1. You have to show up. Regular, daily prayer is crucial. How can you pursue consistency in silence and solitude with God?
2. You must put away distraction. Technology and entertainment can hinder us from deeper soul matters such as faith, forgiveness, healing, integrity, and even mortality. What is currently distracting you from your relationship with Jesus?
3. You need to let go. You may be capable of setting many ambitious goals and cleverly achieving them—and, you may be tempted to bring this kind of striving into your relationship with God. What might it look like for you to release control of your relationship with God to God?
Summer on the Mount Teaching Series
What Hinders You in Practicing Jesus’ Teachings?
At Sunday’s gatherings, we reflected on Jesus’ invitation to stability through the intentional practice of His teaching. In his sermon, Matt Barrios shared that Jesus, in calling us to this stability, offers a remedy for the instability of life in our world. As you consider all that we have learned over these last three months in the Summer on the Mount series, reflect on these questions:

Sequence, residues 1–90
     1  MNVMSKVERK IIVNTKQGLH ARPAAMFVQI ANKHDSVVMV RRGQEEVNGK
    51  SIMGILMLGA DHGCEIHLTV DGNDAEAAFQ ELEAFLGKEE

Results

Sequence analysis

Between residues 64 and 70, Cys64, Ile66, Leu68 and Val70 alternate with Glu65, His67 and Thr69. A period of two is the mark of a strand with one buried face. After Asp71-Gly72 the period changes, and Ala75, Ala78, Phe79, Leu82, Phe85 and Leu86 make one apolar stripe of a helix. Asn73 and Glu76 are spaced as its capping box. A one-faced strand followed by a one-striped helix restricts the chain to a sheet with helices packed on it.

1. Having heard Jesus’ teachings about life in God’s Kingdom, do you understand them? If there are some parts that you’re confused about, how can you find clarity?
2. Do you overcomplicate (or oversimplify) any of Jesus’ teachings so you can avoid practicing them? If so, what might more authentic faithfulness and practice look like for you?
3. Do you have any fears about what practicing Jesus’ teachings might cost you? What are you afraid of losing?
Are You on the Narrow Path? How Can You Tell?
At yesterday’s gatherings, we reflected on the narrow way of Jesus and how it leads to true life, freedom, and transformation. In his sermon, Toby Kurth said that as we pursue the narrow and often difficult path of following Jesus in our world, Jesus Himself will lighten our burden and transform us through the power of the Holy Spirit. And as we are transformed through relationship and dependence upon Jesus, the people around us will also be transformed. As you begin this week, consider these reflection questions about Jesus, His path, and your life: